So today we took a much-needed break from the stressful things and we paid a bittersweet final visit to one of our most beloved places in New Zealand. All these photos were taken today at the place we have called "Shelly Beach" (we have no idea what the locals actually call it.) Truly, photos do not do this beach justice. In these photos, you can't see the variety, abundance or perfection of the seashells. You can't see the stretches of beach where there is no sand, just layer upon layer of salty shells crunching underfoot. You can't see the tide pools teeming with starfish and crabs and snails (mostly because it was low tide when we went today). You can't see Mt. Maunganui towering immediately above you, ridiculously green, dotted with sheep and encircled at its base with fantastic trees that transform you effortlessly into your favorite character from Lord of the Rings. You can't feel the sea breezes or hear the lapping of the waves. You can't see the shifting colors of sea and sky, nor touch the amazing textures of the rocks. You can't explore all the secret hiding places among the rocks or hunt for the treasures they hold. You certainly can't pretend to be Ariel from the Little Mermaid, sunning yourself on one of the outermost rocks (and this is a good thing, as Richard's brother Jason nearly was dashed to bits by a powerful wave doing just that last year). Nevertheless, this is the place that we have taken the kids more times than we can count, a place we have gone on sunset dates together, a place we have taken all our visitors. It is the place where I have collected most of my beautiful seashell souvenirs and the place Rich and I have climbed enormous rocks and sat in silence to watch the water crashing all around us, feeling very close to God indeed. Our family has had so many precious memories at this beach (to say nothing of the trips to the nearby gelato store that inevitably accompany these outings). I can't think of any place in New Zealand at which I have been happier, except for the (intoxicating) Tyburn Monastery.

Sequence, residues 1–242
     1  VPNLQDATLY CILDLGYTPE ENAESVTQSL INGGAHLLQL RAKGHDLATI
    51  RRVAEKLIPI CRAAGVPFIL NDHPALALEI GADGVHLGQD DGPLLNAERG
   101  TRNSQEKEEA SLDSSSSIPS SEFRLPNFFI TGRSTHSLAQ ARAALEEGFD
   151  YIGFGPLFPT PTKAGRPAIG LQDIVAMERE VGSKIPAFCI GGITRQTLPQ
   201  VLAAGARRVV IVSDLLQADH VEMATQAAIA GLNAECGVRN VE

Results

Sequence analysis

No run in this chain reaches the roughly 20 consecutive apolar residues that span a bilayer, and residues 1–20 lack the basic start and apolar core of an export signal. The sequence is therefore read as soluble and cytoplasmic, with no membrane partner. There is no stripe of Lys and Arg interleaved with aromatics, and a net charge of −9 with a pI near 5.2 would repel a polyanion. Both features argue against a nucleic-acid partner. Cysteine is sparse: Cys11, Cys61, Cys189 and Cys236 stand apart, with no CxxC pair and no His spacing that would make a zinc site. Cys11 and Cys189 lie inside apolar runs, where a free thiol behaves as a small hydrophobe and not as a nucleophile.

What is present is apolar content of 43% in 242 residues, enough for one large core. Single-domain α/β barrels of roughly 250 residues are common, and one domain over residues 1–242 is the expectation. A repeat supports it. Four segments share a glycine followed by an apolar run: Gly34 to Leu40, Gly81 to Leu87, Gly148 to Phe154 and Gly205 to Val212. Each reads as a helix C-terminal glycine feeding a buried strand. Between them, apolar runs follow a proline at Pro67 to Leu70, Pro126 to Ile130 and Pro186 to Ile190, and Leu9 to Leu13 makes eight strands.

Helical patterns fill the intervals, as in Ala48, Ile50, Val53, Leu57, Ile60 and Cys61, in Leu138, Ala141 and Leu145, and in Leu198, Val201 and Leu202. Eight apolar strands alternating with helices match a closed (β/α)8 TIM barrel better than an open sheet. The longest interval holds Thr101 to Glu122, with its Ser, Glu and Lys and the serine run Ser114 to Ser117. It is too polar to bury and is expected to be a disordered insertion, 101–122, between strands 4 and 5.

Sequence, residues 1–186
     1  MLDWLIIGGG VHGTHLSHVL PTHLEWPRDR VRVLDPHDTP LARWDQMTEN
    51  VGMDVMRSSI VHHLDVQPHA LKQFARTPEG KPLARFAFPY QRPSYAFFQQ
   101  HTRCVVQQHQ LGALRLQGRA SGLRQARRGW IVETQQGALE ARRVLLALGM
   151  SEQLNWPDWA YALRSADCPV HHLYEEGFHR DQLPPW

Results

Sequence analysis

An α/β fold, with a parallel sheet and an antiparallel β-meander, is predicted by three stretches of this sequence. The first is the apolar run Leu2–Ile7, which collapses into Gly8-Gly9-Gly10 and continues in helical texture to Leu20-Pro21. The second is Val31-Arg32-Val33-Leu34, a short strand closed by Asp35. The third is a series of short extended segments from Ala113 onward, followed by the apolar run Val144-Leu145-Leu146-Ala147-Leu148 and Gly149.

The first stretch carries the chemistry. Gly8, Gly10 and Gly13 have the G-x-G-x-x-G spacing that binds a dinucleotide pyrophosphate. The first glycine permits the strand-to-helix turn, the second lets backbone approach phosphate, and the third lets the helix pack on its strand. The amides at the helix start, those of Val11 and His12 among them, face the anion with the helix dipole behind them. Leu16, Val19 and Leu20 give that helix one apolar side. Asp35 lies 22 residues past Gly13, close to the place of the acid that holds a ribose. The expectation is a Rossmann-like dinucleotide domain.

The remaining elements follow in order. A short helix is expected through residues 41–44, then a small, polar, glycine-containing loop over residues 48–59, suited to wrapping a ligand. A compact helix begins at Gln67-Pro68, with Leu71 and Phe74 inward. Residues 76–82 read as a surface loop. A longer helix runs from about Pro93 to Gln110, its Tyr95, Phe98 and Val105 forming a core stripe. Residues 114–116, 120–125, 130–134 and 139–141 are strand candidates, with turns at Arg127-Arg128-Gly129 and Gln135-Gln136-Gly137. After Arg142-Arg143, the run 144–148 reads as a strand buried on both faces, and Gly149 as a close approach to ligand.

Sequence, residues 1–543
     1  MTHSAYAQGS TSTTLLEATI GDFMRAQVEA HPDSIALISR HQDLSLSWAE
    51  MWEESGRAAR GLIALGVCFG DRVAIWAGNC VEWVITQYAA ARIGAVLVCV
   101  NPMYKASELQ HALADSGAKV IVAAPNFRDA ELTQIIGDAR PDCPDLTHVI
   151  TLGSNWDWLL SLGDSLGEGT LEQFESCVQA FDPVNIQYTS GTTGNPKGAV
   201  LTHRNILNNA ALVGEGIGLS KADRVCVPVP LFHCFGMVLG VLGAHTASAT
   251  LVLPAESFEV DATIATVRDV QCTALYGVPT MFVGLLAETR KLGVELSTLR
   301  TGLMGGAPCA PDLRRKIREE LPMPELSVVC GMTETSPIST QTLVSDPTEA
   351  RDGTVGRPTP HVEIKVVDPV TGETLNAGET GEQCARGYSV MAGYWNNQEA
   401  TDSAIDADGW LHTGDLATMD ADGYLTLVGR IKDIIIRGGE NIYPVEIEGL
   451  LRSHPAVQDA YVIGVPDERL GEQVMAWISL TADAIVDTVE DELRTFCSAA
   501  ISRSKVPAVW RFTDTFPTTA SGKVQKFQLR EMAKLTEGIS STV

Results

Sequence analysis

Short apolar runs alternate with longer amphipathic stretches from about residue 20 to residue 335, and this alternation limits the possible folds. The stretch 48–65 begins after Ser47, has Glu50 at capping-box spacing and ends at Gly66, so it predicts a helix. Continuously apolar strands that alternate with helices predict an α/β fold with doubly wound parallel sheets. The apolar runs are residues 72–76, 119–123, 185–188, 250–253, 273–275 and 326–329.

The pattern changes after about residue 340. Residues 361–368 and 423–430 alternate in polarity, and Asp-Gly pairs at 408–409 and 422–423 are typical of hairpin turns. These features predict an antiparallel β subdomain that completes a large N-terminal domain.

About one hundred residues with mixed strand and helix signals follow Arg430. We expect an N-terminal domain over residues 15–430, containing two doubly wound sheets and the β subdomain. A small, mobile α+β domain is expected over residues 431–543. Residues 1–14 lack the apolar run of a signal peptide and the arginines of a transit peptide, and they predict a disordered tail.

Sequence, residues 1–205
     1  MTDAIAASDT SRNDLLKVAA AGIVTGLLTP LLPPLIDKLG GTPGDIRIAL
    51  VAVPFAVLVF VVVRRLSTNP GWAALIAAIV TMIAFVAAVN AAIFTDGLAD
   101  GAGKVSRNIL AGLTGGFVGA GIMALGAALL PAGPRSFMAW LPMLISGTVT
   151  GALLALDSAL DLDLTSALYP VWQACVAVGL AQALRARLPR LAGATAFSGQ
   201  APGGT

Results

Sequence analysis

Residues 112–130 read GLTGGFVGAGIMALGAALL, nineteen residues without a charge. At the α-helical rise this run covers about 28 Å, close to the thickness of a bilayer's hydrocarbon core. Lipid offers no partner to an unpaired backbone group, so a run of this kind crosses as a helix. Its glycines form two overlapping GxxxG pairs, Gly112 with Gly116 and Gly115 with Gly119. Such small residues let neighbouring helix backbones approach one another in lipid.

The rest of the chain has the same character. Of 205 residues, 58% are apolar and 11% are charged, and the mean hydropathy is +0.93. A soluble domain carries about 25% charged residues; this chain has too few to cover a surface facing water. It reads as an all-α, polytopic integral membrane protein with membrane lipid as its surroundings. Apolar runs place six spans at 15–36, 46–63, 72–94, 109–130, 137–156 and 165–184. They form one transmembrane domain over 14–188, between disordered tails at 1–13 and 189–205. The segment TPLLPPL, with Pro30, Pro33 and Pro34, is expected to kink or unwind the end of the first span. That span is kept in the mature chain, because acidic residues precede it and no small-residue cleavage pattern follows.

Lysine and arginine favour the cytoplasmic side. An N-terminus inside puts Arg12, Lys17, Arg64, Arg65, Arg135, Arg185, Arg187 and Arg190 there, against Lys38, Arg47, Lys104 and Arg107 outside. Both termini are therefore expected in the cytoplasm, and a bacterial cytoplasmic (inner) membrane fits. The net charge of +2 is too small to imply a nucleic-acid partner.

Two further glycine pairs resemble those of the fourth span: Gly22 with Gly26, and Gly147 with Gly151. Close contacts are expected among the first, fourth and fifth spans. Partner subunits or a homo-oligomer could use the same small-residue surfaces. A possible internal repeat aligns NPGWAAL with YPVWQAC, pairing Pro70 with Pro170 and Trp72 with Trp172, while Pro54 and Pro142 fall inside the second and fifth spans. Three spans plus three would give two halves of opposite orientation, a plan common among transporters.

As usual, we had a wonderful time - but this time was also stabbingly sad. It was like saying goodbye to a really close friend - knowing that it would be a very long time before I saw it again, if I did see it again at all. For all its own charms, I'm not sure Pittsburgh has anything that compares to this. Not even on Wilson Avenue.